Saturday, March 10, 2007

RE: Polychrons and Our Classrooms"

A recent article in the Chronicle of Higher Education entitled, Distractions in the Wireless Classroom led to a post on the blog Ed Tech Journeys titled "Polychrons and Our Classrooms" and my response (see comments at the Ed Tech blog link) .

My post on the SLED listserv in its entirety:
K.Becker wrote:
>Again, the skill of being able to listen to music, surf the
web, IM to
friends and talk on the phone and do some homework all at the
same time
does not automatically translate into group presentation skills.
they are nervous. Perhaps they have not seen the desired
modeled. <

They are not nervous... The correct term is "Polychron".
Related links here and here.
Developed from Edward Hall's theory of Polychronic Time here.

The idea of education as Entertainment is now dated. This
generation of students IS the Gamer Generation, the Live Net
Generation... whatever you'd like to call it, it is highly interactive.
At home on their phones and computers and gaming platforms they are
learning new ways to network, collaborate, and research without even
knowing it. MMO's, Xbox, and text messaging (even MySpace now) have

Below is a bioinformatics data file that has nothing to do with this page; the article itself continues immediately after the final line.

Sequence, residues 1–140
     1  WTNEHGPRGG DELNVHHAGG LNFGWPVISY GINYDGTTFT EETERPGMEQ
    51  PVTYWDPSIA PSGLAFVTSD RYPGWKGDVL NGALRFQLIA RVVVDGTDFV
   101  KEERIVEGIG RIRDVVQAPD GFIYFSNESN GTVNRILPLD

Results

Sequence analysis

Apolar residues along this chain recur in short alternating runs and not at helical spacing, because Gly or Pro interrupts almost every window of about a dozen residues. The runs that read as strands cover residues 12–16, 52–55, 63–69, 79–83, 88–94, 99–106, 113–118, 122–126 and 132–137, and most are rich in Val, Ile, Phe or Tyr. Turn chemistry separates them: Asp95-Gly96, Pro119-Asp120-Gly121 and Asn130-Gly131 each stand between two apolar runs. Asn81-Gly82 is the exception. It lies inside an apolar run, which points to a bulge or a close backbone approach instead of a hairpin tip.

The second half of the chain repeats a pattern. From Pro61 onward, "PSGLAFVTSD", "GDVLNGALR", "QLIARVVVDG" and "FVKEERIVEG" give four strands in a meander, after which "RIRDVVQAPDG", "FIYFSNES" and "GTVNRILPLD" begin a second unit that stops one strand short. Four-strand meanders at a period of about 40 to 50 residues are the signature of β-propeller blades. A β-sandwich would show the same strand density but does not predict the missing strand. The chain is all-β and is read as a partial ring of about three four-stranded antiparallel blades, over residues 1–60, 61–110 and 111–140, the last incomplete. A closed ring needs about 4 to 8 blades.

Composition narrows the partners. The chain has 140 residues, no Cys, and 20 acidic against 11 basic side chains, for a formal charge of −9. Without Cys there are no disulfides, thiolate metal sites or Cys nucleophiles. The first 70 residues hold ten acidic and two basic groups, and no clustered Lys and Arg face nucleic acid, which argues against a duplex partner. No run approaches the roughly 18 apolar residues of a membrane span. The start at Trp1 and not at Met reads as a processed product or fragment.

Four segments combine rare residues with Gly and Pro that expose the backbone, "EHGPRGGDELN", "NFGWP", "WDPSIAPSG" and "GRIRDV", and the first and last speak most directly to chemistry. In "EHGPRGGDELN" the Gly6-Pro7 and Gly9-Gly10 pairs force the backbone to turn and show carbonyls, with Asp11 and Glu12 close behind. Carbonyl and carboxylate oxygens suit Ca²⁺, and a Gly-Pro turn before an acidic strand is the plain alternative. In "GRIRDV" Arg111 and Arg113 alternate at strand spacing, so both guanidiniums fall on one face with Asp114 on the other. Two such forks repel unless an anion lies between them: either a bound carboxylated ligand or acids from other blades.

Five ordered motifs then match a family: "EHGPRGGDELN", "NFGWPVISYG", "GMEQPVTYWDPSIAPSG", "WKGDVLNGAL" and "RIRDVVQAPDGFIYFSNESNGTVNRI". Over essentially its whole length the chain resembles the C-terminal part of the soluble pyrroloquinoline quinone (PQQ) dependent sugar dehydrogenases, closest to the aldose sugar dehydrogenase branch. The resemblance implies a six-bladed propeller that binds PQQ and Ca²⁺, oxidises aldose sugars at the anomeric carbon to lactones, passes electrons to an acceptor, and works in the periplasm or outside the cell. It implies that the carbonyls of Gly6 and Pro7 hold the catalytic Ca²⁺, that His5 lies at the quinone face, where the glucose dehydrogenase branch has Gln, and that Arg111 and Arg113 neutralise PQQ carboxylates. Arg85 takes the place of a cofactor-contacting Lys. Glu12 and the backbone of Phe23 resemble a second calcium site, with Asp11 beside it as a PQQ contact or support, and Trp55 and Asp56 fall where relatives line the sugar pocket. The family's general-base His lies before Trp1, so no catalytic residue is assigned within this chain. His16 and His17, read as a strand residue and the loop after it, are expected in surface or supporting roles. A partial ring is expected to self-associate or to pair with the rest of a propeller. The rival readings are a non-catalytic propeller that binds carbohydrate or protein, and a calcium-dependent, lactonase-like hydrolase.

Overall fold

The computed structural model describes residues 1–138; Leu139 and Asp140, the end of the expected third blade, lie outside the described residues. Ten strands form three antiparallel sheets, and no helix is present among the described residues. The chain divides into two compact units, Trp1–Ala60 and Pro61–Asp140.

synchronous forms of communication often with high-context relationships
and may require a great deal of multi-tasking.

Replace "entertain the student" with Engage the Student.
Beck and Wade talk about this in [their book] Got Game.

Give them strategy guides, clear and achievable goals, a reward
system that appeals to their sense of reputation. Give them passion and
energy and yes, real world application. Entertainment is passive.
Engagment is interactive.

If I've had to change something... it's an expectation that the
"desired" behavior was Monochronic.

I am very interested in anyone doing research in this area. I
work in the Studio Art discipline, which in many ways can be a platform
for new methodology (although consistently uses convergent thinking at
the lower levels).
I want to know... what does a polychronic classroom look like?
Is it completely digital? With SL, IM, Sype, and Google all open and
working? Is it class that does not have a set time to meet, but rather a
specific set of goals that must be accomplished using a highly networked
collaboration of students with the teacher as 'game master'? Can the
monochron, or normative student, work asynchonously contributing at
regularly scheduled times while the polychron is always interacting but
not always contributing?

Personally I believe myself to be somewhere between these two
ends as I'm sure many of you are. I believe, the key to the polychronic
classroom is a highly motivated individual with an ability for both
modes of operation. Otherwise, we'd have to identify and seperate each
type of student.

And I think they saying goes, "Don't put all your polychrons in
one basket."
Read this and you see how easily technology fits in a lecture… let alone a polychronic classroom.

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